For creative minds, the ideation part is the most exciting in any project. But in order for a new business to be sustainable, you need good ideas that can provide you with revenue. So that was the first step for the business design part of the project: We went back to the research and re-evaluated our “user categories” in order to understand — from the ideas we generated — who needed what solution the most, and who was willing to pay for these solutions. This may seem complicated, but if you ask enough “why” questions it becomes easier to achieve. Consider all the services you pay for: What value do they bring you? Do you pay for the convenience? Or is it about the entertainment that these services provide? Maybe it says something about who you are. Somehow, you saw value in this service and thought it was worth paying for. Thus, you need to find a similar sort of value for the people who will use your services.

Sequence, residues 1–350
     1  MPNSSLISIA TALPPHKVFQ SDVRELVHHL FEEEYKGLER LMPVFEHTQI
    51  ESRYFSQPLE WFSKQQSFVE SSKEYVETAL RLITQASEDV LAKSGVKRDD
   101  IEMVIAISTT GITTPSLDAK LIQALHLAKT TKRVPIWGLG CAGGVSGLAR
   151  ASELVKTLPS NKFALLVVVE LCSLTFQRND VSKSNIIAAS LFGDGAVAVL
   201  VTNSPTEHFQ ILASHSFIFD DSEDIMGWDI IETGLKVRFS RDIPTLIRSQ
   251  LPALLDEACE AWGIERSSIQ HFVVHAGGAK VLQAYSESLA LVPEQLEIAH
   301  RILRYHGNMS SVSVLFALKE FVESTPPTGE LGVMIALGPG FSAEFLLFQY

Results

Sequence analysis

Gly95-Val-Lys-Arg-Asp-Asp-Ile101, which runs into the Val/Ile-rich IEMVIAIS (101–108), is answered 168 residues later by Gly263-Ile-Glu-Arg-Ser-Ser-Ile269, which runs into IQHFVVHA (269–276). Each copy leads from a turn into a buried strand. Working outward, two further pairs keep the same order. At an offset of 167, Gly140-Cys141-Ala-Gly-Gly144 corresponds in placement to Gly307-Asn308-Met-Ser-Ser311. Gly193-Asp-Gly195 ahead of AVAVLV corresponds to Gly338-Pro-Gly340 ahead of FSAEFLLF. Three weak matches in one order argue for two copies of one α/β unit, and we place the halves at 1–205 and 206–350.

Among your user categories, who are the people who already pay for other services that provide the same value in other sectors? Those would most likely be your early adopters (e.g. If you are offering convenience, these adopters could be people who already do online shopping even when it is a bit more expensive than going to the store). Then, it is a matter of estimating how many of these early adopters exist in the region in which you would like to launch your product (potential market size), and how much they would be willing to pay for each of your ideas separately (“fake door” online tests are a great way to do it). So, when you think about prototyping and testing your ideas, do not only think to do so from the perspective of functionality or desirability, but also from the “CEO point of view.” Such business design exercises will help you start from the ideas that would make people happy as well as create revenue. Then, convincing your clients that you have a great idea worth investing in becomes much easier (remember, they are leaders of big organizations with deep need of “reassurance” before taking risks).